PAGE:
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Friday, August 14, 2015

The Law of Second Chances Takes Effect in Spain

One of the drags on the ability of Spain's economy to recover from the financial crisis of 2007-2009 was the lack of a mechanism for consumers to obtain relief from the debts they ran up in the years leading up to the crisis, debts that were mainly incurred in the form of residential mortgages incurred in the housing boom that paralleled the trajectory of the US's housing boom in those years.
As Spain had no meaningful procedure for individuals to obtain debt relief, it had no method to free up post-crisis wages and salaries from the legacy debt of pre-crisis mortgage debt.  This not only dampened overall demand but had the secondary effect of weighing down the Spanish financial system, in a manner very similar to the Japanese banking system a generation earlier, with "zombie" loans, that were neither collectible in accordance with their terms, nor dischargeable, and not susceptible to robust valuation as they lingered on financial institution's balance sheets, given the uncertainty surrounding the prospects for ultimate recovery.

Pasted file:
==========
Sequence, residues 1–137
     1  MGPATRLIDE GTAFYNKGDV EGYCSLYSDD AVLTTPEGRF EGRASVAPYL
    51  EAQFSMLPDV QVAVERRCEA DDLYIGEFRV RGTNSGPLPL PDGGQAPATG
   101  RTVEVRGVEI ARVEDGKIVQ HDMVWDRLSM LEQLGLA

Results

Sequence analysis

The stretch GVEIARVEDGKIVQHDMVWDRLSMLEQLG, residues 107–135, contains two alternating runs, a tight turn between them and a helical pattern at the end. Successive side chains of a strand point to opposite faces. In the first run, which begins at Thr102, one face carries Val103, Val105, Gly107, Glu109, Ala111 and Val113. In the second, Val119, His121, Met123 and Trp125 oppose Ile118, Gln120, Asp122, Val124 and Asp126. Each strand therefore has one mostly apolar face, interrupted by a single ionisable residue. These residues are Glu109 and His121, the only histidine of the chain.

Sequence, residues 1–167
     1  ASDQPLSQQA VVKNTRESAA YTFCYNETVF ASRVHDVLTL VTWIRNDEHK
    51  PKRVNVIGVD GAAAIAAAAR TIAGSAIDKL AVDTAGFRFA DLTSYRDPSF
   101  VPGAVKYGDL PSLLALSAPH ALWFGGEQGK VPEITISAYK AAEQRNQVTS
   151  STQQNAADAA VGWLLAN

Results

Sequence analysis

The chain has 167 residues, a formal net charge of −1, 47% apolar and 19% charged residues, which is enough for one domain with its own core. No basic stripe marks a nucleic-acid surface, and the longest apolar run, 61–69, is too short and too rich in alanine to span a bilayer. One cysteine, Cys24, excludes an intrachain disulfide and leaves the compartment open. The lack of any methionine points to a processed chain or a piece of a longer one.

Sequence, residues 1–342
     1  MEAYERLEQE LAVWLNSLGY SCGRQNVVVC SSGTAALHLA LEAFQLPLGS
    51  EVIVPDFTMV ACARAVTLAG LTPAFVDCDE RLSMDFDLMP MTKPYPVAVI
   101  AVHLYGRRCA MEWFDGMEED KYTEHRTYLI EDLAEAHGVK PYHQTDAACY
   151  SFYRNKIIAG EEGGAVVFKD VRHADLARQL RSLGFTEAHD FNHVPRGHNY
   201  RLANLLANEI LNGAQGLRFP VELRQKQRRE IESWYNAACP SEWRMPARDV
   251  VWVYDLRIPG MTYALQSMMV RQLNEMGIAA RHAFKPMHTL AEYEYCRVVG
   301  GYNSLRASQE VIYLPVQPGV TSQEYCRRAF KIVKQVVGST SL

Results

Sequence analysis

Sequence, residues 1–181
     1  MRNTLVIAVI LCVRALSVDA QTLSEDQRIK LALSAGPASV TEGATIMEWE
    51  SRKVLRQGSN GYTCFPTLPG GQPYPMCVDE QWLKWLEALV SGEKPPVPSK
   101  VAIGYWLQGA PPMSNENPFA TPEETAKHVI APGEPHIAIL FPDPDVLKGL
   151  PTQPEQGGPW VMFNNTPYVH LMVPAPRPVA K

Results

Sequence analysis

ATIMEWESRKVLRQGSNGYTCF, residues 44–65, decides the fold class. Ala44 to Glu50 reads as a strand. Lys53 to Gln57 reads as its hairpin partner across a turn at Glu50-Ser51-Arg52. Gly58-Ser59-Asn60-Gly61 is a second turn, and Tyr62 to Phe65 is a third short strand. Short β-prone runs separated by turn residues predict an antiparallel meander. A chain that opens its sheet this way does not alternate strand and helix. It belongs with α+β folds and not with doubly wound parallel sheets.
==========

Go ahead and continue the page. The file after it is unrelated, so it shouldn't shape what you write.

Slowly, Spain's government, led by the center-right Partido Popular that replaced the Socialist coalition that governed into the crisis era, has instituted measures to facilitate consumer debt relief for the first time.   There have also been business insolvency reforms, which I am not going to touch on here (for those interested, here are links to some rather spirited memos by Latham and Dentons on those reforms; with regard to the Dentons memo, please be forewarned that there is an egregious mis-translation -- the word "quitas" in Spanish means "discharge," not "pay-off" (you see why I used the word "egregious?)).  It's unlikely that there will be very many English-language explanations of Spain's consumer bankruptcy law, which took effect at the end of July, so this seems like an area I can add some value with a post.